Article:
The tomb of the last king of Assyria, Hamishtim was carved by the last Assyrian monarch, his name being Hamishtim-era. This piece of land, located south of modern-day Yarmouk, Syria, was settled by ancient kings. King Hamishtim’s tomb is located on the southern slope of the land. The centre section of the land presents a colossal mound nearly as high as 12 m high and 2.5 ha in vicinity. It is called by the name of “estone Tomb”.

This mound consists of huge blocks or individual sandstone slabs, with many small caves and grottos between them. Near the centre of the land is a large open area bordered by sandstone pillars and gradually slopes towards the whole valley. Individual flint slabs, which form the base of the pillars, are arranged here. Near the pillars, there are several smaller sandstone chambers with sandstone columns positioned in the niches. This arrangement provides the ideal place for carvings and votive candles to be burned during vigils and religious services.

The chambers themselves consist of a series of small grottos cut into the sandstone. Near the entrance of one chamber, there is a slot dug into the upper part of the ground. Here, an underground shaft connected to the mountain-top railway was built. Access to the burial place was made by following the narrow path through the rock-cut channels carved out by the quarry workers lang mo da.

Today, the region around the Stone tomb is visited by numerous tourists. Excavations undertaken here have yielded a number of important finds including ancient Pazyryk alphabet letters, the remains of Grottos, and Pazyryk figurines. However, perhaps the most interesting find from the site is the Uchalovski Star, which is thought to date back to the 5th century. This star, which is approximately half a foot in diameter, depicts a man with a donkey tied to his left leg. Though many speculate that this scene symbolizes the nomadic life of the Kaska tribe, it is possible that this particular discovery tells us something about another cultural tradition of the Kaska people.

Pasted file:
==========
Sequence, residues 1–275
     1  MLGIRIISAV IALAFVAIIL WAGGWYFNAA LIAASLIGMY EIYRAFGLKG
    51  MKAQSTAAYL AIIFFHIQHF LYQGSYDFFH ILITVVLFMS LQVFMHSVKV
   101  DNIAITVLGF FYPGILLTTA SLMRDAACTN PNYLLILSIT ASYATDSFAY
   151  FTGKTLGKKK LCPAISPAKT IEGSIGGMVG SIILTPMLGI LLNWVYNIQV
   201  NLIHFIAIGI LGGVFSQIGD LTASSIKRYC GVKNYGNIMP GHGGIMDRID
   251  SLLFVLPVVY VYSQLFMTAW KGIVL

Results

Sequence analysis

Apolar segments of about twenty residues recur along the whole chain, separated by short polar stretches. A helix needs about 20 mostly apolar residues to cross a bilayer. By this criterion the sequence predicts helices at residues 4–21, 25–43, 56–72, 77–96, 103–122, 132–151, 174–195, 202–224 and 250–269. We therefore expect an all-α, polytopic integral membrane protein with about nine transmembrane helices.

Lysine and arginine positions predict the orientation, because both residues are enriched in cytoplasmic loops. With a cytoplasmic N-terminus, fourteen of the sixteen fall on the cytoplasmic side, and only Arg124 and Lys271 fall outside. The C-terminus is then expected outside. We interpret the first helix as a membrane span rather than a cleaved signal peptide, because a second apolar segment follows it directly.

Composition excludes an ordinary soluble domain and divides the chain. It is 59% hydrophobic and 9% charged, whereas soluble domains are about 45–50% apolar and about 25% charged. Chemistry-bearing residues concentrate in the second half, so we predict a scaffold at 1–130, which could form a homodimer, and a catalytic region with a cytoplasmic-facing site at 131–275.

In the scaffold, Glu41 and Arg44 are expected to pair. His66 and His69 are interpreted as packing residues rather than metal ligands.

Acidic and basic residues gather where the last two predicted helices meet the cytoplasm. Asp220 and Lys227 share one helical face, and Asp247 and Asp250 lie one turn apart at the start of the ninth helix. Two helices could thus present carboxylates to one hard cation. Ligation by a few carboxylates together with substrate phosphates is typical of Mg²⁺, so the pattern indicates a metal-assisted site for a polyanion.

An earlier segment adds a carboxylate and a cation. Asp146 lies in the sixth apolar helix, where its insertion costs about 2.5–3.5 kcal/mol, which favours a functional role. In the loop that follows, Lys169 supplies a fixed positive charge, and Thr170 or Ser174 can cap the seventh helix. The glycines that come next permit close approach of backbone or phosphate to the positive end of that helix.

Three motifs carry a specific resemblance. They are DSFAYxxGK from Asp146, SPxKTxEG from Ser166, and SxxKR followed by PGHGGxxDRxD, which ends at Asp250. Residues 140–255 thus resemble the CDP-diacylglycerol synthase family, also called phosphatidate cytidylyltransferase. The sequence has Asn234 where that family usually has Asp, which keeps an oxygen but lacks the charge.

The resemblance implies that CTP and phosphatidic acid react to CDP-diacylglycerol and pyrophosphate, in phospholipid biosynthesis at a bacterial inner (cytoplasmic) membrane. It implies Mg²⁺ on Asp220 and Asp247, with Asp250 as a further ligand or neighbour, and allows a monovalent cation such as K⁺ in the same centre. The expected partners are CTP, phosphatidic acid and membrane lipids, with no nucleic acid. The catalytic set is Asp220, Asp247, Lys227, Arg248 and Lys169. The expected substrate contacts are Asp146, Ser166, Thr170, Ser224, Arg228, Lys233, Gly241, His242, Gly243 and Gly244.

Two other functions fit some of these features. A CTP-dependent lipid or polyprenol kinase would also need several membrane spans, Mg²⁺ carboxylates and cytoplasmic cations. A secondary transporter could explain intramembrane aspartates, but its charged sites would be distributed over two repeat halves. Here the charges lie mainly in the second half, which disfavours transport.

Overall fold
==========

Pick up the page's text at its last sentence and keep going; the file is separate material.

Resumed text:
The Grottoes, situated close to the town of Krasnitska, were discovered in the mid 1960’s by American archeologists. They comprise a number of large, open caves built out of sandstone slabs. Within these caves, which consist of more than 100 individual rooms, there are numerous beautiful animal sculptures. Interestingly enough, many of the petroglyphs found here appear to depict horses or other large animals.

In addition to these impressive caves, several other archaeological settlements have been discovered in the region. These settlements, collectively called Grozny, date between the 7th and 11th centuries. Inside Grozny, you can discover the remains of St. Nicholas, a saint thought to have lived in the area during the times of the Magyars. In addition to St. Nicholas, other religious icons have also been discovered including the Mother of God, Virgin Mary, and the archangel Gabriel. All of these symbols as well as petroglyphs have been used not only as important religious icons, but also as images depicting the Earth, Heaven, and Hell.